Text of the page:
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Syrian Cabinet quits as Assad promises reform

Responding to continued protests, President Bashar Assad dissolves his government. An announcement is expected soon that a decades-old emergency law will be lifted and other restrictions loosened.

March 29, 2011|By Jeffrey Fleishman, Los Angeles Times

Reporting from Cairo — The Syrian government resigned Tuesday as President Bashar Assad sought to stem a widening rebellion by promising to reform the police state that has kept his family in power for more than 40 years in one of the Middle East's most strategic countries.

Dissolving the Cabinet was the latest gambit by Assad to counter protests that threaten the kind of upheaval that brought down autocratic leaders in Egypt and Tunisia. The move suggested that the ruling elite is alternating between concessions and crackdowns as it navigates a crisis that has killed at least 61 people in recent days.

That strategy did not save Egyptian President Hosni Mubarak or Tunisian President Zine el Abidine ben Ali. Unlike those leaders, Assad faces other potent challenges that have him struggling to avoid ceding too much power.

The official Syrian news agency reported that outgoing Prime Minister Naji Otari will act as caretaker until a new prime minister is appointed. The resignation of the Cabinet, which will also stay in place until a new government is named, was expected to be followed by assurances from Assad that Syria would lift its decades-old emergency law and loosen other restrictions.

"Whatever measures he will announce, they will be token and cosmetic. Don't expect a real transformation in Syria," said Hilal Khashan, a political science professor at the American University of Beirut. "Don't expect any surprises."

Like his father, Hafez Assad, the president is Syria's ultimate authority, with the prime minister and Cabinet answering to him. Officials have said that Bashar Assad would address the country, but the president has been largely out of view since protests began in mid-March.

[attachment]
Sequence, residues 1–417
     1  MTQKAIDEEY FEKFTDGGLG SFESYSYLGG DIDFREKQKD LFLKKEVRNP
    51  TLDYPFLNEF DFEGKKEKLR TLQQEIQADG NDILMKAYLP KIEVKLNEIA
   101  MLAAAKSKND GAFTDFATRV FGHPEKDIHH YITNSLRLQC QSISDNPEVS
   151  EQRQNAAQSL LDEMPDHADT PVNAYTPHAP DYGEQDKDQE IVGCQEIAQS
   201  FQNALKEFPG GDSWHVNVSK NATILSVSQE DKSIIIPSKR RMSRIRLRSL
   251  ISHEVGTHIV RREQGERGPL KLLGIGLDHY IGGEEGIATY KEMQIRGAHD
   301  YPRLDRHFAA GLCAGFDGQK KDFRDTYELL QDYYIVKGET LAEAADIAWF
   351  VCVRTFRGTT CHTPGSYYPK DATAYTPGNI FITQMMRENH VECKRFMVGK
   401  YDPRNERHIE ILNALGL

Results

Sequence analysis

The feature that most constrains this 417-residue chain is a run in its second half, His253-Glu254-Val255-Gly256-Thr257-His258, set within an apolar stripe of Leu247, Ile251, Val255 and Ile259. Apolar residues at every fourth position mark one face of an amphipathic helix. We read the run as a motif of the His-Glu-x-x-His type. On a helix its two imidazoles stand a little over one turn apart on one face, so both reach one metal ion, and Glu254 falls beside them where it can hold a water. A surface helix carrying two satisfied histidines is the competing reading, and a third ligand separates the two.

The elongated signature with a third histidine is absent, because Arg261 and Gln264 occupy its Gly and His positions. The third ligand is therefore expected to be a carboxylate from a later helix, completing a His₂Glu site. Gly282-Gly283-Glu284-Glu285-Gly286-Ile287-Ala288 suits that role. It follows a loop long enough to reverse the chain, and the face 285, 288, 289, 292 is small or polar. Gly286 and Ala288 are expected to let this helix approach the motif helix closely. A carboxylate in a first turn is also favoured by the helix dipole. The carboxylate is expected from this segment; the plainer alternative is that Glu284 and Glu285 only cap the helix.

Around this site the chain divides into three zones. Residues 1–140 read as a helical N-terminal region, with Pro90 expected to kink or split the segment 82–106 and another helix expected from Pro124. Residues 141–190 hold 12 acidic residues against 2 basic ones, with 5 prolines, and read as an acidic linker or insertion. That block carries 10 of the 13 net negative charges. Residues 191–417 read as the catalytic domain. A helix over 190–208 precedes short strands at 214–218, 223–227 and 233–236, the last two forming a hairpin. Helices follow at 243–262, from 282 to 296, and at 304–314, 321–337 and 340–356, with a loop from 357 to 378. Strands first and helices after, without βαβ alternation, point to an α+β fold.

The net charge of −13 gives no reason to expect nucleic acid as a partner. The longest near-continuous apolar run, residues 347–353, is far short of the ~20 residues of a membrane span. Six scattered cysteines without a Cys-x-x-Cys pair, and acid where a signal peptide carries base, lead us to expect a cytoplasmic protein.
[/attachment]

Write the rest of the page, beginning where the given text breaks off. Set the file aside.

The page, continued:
Assad's fate could have repercussions for regional stability. Syria is an ally of Iran and a supporter of the radical groups Hezbollah in Lebanon and Hamas in the Gaza Strip. Although U.S. and other Western officials have long been irritated by Assad's maneuverings, the president is a known quantity. A successor could hold more extreme views on Israel and Middle East peace.

The 45-year-old president's main concern during the last week has been how to promote a veneer of domestic reform in a divided country.

Tens of thousands of supporters, many of them students released from school, streamed through Damascus, the capital, chanting "Only God, Syria, Bashar!" But in provincial cities such as Dara and Latakia, protesters plotted amid the truncheons and boots of riot police.

Assad enjoys broad confidence, and if he can "drive through the reforms that are now being demanded, there might be a possibility that [the regime] can get through this," said a Western diplomat in Syria. "But that requires that the regime reforms itself, and that it does so rather quickly. Neither tend to belong to its typical characteristics."

It remains unclear whether Assad's reforms would be genuine, or enough to quiet protests. Repealing the much-reviled emergency law, which has been in place since 1963, would be a token gesture unless accompanied by other changes, such as stripping police of their immunity.

The president and his Baath Party inner circle, including his brother Maher, head of the Republican Guard, are also confronting sectarian divisions. Assad's clan is Alawite, a minority in a predominately Sunni Muslim country. The protests so far have not gained nationwide momentum, but if they gathered strength among Sunnis, who constitute much of the business elite, that could jeopardize Assad's hold on power.

The Baath Party has stayed on top by tolerating little dissent. In 1982, Hafez Assad's forces crushed an uprising and killed at least 10,000 people when the Sunni-dominated Muslim Brotherhood called for an Islamic government in the city of Hama. The memory of that bloodshed lingers.

Khashan said the current unrest is the most serious threat to the regime since then.

"The threat comes from the people," he said. "But the demonstrations against him have not gathered momentum yet really for one reason: I don't think the Muslim Brotherhood is throwing their full weight behind the demonstrators. They're still apprehensive."

jeffrey.fleishman@latimes.com

A special correspondent in Damascus and special correspondent Alexandra Sandels in Beirut contributed to this report.

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